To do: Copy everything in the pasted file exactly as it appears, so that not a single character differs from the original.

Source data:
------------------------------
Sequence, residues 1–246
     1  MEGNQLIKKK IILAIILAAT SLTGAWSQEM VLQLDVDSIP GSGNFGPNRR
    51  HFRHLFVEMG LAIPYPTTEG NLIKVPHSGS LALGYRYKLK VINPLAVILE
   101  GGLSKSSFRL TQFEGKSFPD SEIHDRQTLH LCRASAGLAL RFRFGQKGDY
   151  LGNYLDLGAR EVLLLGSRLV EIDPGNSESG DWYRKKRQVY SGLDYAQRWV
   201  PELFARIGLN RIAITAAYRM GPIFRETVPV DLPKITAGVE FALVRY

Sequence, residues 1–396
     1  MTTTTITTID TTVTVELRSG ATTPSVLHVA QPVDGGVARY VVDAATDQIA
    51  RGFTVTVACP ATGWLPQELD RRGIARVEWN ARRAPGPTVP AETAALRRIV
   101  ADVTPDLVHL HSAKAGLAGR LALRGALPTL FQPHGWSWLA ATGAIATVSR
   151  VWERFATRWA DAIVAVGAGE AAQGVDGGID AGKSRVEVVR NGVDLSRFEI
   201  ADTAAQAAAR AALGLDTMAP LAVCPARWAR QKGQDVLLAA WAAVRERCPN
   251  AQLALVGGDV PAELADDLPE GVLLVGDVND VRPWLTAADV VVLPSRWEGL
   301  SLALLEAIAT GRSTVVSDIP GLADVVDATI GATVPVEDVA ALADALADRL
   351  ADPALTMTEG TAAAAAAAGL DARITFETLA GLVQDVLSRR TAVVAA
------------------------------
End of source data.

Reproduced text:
Sequence, residues 1–246
     1  MEGNQLIKKK IILAIILAAT SLTGAWSQEM VLQLDVDSIP GSGNFGPNRR
    51  HFRHLFVEMG LAIPYPTTEG NLIKVPHSGS LALGYRYKLK VINPLAVILE
   101  GGLSKSSFRL TQFEGKSFPD SEIHDRQTLH LCRASAGLAL RFRFGQKGDY
   151  LGNYLDLGAR EVLLLGSRLV EIDPGNSESG DWYRKKRQVY SGLDYAQRWV
   201  PELFARIGLN RIAITAAYRM GPIFRETVPV DLPKITAGVE FALVRY

Sequence, residues 1–396
     1  MTTTTITTID TTVTVELRSG ATTPSVLHVA QPVDGGVARY VVDAATDQIA
    51  RGFTVTVACP ATGWLPQELD RRGIARVEWN ARRAPGPTVP AETAALRRIV
   101  ADVTPDLVHL HSAKAGLAGR LALRGALPTL FQPHGWSWLA ATGAIATVSR
   151  VWERFATRWA DAIVAVGAGE AAQGVDGGID AGKSRVEVVR NGVDLSRFEI
   201  ADTAAQAAAR AALGLDTMAP LAVCPARWAR QKGQDVLLAA WAAVRERCPN
   251  AQLALVGGDV PAELADDLPE GVLLVGDVND VRPWLTAADV VVLPSRWEGL
   301  SLALLEAIAT GRSTVVSDIP GLADVVDATI GATVPVEDVA ALADALADRL
   351  ADPALTMTEG TAAAAAAAGL DARITFETLA GLVQDVLSRR TAVVAA